This imposed restriction is commonly referred to as the “incidental benefits” rule. The various standards the IRS has developed to measure and monitor such benefits are often called incidental benefits tests. But determining whether a particular level of death benefits is incidental and choosing which incidental benefits test to apply depends largely on the type of retirement plan.
Qualified plans fall under two broad categories: defined contribution plans or defined benefit plans. This classification is based on whether the plan specifies a company contribution rate or guarantees a specified benefit level. The IRS has developed different standards for applying the incidental benefits rule to each of these plan types.
Incidental Benefits for Defined Contribution Plans
Defined contribution plans provide benefits based on the establishment of individual participant accounts that are funded by pre-tax contributions from either the company or the plan participants (or both depending on plan type).
Because the actual benefit from defined contribution plans is indeterminate, the test used to determine whether the death benefits are considered incidental is based on the percentage of plan contributions that are used to purchase life insurance. This is commonly known as the percentage limitations test.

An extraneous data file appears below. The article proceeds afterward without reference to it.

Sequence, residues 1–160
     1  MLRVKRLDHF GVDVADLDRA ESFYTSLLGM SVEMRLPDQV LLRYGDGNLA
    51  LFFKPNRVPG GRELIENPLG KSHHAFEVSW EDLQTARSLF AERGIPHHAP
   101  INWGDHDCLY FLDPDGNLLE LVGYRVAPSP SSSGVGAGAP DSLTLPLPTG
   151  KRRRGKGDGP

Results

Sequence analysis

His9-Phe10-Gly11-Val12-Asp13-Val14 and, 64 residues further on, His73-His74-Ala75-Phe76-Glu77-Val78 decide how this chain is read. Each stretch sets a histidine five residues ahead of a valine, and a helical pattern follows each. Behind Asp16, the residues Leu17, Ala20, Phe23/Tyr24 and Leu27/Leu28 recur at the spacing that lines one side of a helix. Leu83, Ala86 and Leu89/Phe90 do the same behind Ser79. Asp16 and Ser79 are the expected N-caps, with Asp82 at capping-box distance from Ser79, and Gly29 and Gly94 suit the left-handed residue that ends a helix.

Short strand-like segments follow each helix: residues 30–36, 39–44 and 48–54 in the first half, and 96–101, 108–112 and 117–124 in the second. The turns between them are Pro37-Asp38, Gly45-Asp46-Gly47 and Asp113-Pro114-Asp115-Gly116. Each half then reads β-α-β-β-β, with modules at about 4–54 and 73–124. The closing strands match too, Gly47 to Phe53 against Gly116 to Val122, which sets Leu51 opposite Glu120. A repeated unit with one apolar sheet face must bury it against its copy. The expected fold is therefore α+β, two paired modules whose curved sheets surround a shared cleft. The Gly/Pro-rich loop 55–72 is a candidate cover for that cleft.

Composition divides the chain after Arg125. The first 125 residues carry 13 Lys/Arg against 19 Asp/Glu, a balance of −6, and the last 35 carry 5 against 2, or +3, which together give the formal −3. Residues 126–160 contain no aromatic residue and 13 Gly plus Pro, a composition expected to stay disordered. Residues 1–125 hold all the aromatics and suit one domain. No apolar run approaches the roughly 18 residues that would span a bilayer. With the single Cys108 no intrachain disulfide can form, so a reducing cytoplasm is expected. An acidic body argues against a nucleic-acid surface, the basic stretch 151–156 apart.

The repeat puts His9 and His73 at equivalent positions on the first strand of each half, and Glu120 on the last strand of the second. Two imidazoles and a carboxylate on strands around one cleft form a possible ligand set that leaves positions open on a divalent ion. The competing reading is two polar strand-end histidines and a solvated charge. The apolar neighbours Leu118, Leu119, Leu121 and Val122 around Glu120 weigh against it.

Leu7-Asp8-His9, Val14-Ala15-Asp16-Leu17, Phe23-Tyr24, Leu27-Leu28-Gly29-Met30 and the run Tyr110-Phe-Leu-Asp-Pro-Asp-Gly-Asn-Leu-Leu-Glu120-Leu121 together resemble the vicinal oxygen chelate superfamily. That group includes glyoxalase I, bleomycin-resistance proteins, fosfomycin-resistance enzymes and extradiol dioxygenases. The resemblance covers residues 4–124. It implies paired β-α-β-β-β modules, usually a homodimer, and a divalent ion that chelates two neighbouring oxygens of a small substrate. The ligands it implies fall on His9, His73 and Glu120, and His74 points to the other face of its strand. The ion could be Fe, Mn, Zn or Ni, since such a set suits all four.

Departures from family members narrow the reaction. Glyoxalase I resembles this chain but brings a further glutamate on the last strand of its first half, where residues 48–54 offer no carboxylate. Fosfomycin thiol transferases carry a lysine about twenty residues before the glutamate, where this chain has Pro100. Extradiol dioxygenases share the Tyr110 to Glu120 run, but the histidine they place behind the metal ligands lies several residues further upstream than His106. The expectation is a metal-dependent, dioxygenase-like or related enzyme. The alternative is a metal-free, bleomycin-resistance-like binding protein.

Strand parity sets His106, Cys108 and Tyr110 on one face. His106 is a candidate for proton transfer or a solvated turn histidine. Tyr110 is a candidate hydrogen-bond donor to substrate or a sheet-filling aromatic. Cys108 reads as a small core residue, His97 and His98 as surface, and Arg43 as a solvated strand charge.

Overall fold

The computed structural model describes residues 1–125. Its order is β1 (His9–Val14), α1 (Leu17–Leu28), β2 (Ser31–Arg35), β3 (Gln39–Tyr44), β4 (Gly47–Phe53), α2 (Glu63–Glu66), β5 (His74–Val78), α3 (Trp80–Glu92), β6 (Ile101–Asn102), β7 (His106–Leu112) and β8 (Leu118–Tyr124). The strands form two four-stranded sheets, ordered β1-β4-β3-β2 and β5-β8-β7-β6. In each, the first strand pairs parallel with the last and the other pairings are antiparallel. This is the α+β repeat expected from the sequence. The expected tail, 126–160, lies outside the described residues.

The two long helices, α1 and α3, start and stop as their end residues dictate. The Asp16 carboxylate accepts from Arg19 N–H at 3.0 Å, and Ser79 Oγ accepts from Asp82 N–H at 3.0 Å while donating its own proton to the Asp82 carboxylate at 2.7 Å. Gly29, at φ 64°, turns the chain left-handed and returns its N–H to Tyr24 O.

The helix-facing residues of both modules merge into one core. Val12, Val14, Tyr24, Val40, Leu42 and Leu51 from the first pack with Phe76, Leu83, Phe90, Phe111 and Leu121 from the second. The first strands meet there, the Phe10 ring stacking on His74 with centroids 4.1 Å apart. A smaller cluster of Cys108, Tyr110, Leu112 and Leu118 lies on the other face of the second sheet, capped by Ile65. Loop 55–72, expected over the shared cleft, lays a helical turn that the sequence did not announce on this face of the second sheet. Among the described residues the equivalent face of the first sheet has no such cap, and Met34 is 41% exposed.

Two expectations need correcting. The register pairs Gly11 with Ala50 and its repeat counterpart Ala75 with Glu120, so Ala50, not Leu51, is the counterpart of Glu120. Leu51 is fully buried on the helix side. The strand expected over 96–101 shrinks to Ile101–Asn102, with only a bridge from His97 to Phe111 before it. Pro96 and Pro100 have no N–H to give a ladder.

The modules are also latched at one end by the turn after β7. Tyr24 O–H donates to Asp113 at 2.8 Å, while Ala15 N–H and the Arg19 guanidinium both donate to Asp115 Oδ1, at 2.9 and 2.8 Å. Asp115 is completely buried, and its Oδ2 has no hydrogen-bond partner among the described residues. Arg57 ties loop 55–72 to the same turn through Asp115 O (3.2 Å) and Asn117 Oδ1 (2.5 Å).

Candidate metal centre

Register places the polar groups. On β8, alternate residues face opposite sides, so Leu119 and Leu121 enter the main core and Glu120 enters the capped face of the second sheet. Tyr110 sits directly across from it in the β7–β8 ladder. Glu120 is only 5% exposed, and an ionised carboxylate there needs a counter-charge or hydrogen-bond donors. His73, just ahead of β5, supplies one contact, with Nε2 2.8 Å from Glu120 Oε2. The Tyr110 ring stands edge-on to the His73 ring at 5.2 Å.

Under the percentage limitations test, death benefits in a defined contribution plan are considered incidental as long as:
- When whole life insurance is funding the death benefit, the premiums paid are less than 50% of the plan contributions for each plan participant;
- When the death benefit is funded using other types of life insurance (such as universal life insurance or term insurance), the premiums paid must be less than 25% of the contributions to the plan for each plan participant;
- Where the death benefits are funded using both whole life insurance and other types of insurance, the sum of one-half of the premiums paid for whole life insurance plus the full amount of premiums paid for other types of life insurance is less than 25% of the contributions to the plan for each plan participant; and